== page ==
Breached The Duty Of Care Damages Law General Essay

As reported by The law of torts gives rise to the law of negligence. In order to establish negligence, there must be two key elements: first, a duty of care exists, meaning the defendant must have committed a wrongdoing or unlawful act, and second, the act or omission in issue had an impact on the rights or interests of others. Finally, the aforementioned actions or inactions gave the victim or damaged party a right to compensation.

An essential tort called negligence encompasses a variety of circumstances in which people damage others without due care. The following three components must be proven in order for a claimant to prevail in a negligence action:

care required by law.

violated the caring obligation.


The legal duty of care owed to the home is the first component that needs to be established. Judges' rulings in cases have contributed to the development of the concept of a duty of care in the tort of negligence. This all began in the negligence case of Mrs. Donoghue v. Stevenson (1932), where she and a friend went to a café. She was given a sip of ginger beer and ice cream by the pal. Dark glass covered the ginger beer bottle, making it impossible to see what was within. Mrs. Donoghue drank part of it and then emptied the rest out, whereupon she discovered that it contained a dead (and decomposing) snail. Mrs. Donoghue was horrified by this and was unwell as a result of the sight and the ginger beer she had already consumed.

Because she did not purchase the ginger beer, Mrs. Donoghue had no direct contractual claim against the producer or the merchant. Mrs. Donoghue's companion had a legal claim against the café, but aside from the fact that she had purchased defective goods, she had not experienced any losses; she may get her money back, but nothing for Mrs. Donoghue's illness. Mrs. Donoghue sued Stevenson, the maker, for damages as a result. She made a claim for the shock and upset stomach that resulted, which she said were brought on by drinking the ginger beer.

The court then declared based on the previous case "The moral obligation to love your neighbour is changed to the legal obligation to treat them with respect, and the lawyer's inquiry of "Who is my neighbour?" is met with a limited response. You must exercise reasonable caution to avoid any actions or inactions that you can reasonably anticipate will endanger your neighbour. So who is my neighbour in law? The answer appears to be those who are so immediately and directly impacted by my actions that I should fairly consider them to be similarly impacted when I'm thinking about the actions or inactions that are in dispute."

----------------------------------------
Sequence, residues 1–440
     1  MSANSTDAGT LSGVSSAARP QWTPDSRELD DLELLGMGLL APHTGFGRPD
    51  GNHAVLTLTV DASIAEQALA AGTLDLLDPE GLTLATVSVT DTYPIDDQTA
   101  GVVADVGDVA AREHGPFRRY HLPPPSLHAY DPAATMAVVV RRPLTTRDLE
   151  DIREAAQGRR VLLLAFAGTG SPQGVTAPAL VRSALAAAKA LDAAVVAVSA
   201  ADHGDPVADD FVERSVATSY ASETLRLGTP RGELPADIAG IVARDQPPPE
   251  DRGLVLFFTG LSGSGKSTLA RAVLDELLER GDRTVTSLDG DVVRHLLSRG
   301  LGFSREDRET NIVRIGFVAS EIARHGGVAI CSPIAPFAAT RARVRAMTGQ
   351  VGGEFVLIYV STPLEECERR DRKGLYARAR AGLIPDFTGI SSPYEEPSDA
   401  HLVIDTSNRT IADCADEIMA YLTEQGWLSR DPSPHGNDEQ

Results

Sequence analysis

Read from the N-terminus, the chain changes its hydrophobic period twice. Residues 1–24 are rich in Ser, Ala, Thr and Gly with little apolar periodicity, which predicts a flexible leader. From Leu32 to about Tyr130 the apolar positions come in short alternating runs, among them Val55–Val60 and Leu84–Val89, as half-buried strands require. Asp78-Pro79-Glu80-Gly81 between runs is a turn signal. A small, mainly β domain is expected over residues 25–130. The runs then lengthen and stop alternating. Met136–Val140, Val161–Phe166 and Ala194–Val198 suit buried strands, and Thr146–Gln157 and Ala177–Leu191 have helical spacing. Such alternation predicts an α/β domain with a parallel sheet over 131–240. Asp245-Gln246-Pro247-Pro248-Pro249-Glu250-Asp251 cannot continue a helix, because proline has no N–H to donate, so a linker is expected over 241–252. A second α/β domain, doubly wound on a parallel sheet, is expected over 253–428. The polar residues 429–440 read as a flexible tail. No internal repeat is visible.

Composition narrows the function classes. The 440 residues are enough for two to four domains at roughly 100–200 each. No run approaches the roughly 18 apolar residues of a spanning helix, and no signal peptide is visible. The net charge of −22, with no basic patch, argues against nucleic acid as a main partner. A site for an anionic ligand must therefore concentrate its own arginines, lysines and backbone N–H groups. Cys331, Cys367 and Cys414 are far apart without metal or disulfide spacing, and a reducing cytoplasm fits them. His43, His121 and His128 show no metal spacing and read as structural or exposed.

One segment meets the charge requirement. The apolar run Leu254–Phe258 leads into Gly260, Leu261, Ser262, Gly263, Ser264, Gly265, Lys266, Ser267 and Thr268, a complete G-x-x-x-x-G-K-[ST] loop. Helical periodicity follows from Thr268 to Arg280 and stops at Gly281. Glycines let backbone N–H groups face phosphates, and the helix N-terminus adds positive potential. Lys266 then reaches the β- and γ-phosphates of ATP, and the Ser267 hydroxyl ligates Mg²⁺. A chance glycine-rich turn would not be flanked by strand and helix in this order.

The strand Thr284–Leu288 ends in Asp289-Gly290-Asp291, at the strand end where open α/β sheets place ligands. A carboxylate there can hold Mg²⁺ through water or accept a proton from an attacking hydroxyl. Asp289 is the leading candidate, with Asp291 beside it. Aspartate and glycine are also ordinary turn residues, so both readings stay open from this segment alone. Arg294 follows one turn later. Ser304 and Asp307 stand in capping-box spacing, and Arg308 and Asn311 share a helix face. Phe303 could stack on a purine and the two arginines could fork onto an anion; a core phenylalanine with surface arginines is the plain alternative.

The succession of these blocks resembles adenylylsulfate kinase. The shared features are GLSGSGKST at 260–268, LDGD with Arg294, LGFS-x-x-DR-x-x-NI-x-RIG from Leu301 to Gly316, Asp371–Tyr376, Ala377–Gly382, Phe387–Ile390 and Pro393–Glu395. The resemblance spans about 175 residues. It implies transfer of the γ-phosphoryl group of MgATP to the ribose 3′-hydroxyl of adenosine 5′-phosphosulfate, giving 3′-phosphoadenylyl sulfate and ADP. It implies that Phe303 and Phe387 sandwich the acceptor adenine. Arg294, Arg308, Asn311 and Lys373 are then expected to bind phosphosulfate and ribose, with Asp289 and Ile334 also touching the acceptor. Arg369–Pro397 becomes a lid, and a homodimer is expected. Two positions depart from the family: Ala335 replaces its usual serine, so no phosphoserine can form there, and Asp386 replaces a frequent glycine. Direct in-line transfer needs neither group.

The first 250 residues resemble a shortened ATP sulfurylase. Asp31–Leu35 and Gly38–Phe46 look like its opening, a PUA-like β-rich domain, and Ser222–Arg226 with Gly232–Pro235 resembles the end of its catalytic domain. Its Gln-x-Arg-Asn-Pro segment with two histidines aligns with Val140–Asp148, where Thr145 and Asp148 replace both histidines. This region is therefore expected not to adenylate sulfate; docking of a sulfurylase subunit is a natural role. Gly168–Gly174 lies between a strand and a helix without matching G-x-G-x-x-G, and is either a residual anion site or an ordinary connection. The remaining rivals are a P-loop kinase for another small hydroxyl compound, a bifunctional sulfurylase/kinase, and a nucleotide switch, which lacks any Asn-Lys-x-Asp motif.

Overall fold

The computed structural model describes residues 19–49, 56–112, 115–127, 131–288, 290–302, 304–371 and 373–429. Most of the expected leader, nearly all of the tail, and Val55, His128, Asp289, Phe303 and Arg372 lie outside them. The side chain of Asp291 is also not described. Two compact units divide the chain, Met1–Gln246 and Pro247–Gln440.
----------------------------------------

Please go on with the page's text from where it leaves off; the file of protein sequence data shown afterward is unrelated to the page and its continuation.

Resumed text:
As we can see from the aforementioned definition and example of the legal duty of care, we can relate it to the case study about the North-South Expressway accident that resulted in the deaths of four people who were trying to save friends who were trapped in a bus when they were struck by a trailer carrying sand. In my view, the bus driver and the driver of the trailer should be held accountable for the harm and destruction that resulted. The reason I feel both of them should be held accountable is based on the case mentioned above, where the court stated that the law requires that no one intentionally harm another person. The neighbour is the individual who is most immediately and significantly impacted by the act, and in the case study, the thing that we can relate with the duty of care for both of them is where the trailer driver should be aware that he is in a highway where all vehicles will use the road, so the neighbour in his case is that other user who use the road. The driver of a trailer is required by law to drive it carefully, to stay within the posted speed limit, and to adhere to the weight restriction that allows it to transport sand. The bus driver's next legal duty of care is to drive the bus cautiously, adhere to the posted speed limit on the highway, and check to see if the vehicle is in good working order to avoid accidents that could harm both other road users and the bus's occupants.